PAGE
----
Following a recent Federal Court case concerning Primary Health Care Ltd and their depreciation claims on copyright in medical records, the ATO has released a Decision Impact Statement which clarifies their position on this topic, as determined by the outcome of the court case.
Issues under consideration in the court case included
- whether copyright existed, or had any value, in medical and dental records – in most cases, it seems unlikely that there’s anything of worth that could be considered depreciable for tax purposes.
- whether copyright automatically transfers with the sale of a business – the ATO DIS seems to make it clear that such transfer of copyright must be expressly stated in the contract of sale, it can’t just be assumed to be included.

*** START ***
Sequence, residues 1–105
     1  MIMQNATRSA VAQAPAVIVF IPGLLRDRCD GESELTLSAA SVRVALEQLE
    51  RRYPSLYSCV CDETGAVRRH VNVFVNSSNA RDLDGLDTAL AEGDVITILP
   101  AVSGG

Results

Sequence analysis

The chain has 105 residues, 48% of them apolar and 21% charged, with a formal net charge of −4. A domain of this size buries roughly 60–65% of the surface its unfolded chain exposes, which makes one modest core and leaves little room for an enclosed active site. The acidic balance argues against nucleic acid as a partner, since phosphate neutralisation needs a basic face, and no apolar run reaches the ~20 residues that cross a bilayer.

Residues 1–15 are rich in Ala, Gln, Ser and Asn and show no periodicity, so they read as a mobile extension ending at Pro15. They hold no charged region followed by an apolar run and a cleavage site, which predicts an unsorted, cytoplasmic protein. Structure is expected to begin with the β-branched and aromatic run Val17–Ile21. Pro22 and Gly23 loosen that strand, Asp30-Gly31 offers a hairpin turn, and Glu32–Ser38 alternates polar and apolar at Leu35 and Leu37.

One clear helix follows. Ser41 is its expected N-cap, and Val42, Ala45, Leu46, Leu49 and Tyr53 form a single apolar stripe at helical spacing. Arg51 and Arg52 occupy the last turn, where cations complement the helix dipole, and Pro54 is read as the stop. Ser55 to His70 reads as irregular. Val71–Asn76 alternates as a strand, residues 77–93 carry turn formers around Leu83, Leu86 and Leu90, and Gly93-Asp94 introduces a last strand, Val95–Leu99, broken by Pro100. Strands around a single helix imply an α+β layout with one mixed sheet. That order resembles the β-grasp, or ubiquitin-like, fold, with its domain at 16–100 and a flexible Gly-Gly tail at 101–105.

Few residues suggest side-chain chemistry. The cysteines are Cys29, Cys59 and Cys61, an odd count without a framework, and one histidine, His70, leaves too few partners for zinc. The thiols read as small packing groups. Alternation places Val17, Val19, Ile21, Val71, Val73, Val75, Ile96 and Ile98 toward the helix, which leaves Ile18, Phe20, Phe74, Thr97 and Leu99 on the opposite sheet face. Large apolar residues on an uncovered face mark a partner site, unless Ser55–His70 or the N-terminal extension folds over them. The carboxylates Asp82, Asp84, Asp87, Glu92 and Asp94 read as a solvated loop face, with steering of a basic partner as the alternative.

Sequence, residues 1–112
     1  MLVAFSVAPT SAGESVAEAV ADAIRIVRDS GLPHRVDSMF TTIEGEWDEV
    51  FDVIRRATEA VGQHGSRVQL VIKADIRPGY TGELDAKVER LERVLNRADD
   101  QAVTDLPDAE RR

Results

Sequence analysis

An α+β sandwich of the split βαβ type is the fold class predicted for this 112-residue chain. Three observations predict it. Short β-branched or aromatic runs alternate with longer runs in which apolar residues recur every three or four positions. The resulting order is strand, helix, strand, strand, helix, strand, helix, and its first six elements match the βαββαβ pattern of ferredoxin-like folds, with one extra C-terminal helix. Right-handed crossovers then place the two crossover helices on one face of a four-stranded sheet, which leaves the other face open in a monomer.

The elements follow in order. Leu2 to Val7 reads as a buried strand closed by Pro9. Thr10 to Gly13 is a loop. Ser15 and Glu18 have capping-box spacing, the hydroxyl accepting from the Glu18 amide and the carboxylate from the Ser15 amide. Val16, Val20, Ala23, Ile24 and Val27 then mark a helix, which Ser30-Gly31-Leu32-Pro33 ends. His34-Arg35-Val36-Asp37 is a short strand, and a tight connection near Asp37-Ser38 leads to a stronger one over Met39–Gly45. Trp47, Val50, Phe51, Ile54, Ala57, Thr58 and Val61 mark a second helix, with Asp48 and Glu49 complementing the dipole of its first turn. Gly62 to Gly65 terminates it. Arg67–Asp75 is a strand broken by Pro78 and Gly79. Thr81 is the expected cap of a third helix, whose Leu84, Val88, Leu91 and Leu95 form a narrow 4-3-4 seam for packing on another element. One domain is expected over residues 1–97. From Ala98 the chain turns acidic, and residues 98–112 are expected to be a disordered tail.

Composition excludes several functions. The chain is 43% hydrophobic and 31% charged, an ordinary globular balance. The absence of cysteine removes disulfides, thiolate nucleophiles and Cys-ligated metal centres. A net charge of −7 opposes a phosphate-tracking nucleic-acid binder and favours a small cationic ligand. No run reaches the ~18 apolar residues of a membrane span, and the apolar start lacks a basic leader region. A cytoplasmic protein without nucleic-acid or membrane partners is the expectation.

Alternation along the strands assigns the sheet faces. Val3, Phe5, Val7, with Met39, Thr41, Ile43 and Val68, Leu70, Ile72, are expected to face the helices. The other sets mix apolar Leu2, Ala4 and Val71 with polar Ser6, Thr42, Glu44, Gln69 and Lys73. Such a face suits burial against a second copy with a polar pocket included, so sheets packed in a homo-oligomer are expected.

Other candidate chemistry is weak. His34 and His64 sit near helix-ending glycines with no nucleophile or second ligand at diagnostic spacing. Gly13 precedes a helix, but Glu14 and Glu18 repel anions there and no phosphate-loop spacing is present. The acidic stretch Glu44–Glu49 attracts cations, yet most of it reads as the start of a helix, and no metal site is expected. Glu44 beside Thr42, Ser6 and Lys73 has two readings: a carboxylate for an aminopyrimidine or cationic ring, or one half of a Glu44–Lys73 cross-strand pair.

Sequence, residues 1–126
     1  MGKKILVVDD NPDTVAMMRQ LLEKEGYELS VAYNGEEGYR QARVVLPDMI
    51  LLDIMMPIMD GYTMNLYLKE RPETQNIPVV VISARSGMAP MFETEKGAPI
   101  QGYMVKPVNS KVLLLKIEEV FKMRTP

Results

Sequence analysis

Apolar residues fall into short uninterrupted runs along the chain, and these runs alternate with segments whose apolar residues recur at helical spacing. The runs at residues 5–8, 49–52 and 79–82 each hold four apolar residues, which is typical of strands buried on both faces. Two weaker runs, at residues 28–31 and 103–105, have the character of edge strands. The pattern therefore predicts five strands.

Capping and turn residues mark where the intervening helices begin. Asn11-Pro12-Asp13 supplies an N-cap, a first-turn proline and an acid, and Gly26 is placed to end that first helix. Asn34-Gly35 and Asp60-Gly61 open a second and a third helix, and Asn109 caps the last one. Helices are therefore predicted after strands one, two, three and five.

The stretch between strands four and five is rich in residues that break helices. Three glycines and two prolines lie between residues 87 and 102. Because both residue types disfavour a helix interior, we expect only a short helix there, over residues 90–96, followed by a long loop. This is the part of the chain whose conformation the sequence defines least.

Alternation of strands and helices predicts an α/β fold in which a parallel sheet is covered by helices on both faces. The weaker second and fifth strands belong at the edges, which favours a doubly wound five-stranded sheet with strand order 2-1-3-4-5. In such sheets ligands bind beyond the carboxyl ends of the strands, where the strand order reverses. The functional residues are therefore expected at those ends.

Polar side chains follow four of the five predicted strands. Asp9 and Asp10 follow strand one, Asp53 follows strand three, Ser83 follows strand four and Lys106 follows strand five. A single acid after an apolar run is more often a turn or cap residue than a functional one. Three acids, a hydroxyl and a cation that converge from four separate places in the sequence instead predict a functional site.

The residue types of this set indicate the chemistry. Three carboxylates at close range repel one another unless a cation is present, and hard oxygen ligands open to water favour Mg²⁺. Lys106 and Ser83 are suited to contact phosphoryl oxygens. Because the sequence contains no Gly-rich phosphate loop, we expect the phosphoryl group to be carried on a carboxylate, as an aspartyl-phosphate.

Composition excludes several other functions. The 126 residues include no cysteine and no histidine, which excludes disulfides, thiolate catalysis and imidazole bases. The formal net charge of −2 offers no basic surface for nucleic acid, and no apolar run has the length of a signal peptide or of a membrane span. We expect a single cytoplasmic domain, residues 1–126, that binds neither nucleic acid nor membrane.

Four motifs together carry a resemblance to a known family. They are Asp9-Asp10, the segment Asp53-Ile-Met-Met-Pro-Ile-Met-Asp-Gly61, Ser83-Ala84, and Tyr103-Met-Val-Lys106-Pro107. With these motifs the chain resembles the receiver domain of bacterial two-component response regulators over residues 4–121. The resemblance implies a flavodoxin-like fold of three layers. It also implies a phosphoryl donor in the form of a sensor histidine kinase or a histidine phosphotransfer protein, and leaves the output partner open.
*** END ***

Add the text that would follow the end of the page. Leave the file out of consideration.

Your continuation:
In the ATO’s Decision Impact Statement several key points were highlighted, which will be of interest to medical and dental practices, but also perhaps to others considering a business purchase which may potentially include copyright.
The ATO said the decision:
- highlights the limitations on the copyright likely to subsist in medical or dental records;
- clarifies that there is no implied transfer or licence to use copyright in the absence of an express contractual clause requiring the transfer of intellectual property; and
- clarifies the amount of consideration attributable to the transfer of copyright under a contract.
If you’re unclear on any of these issues, it would be wise to consult your accountant.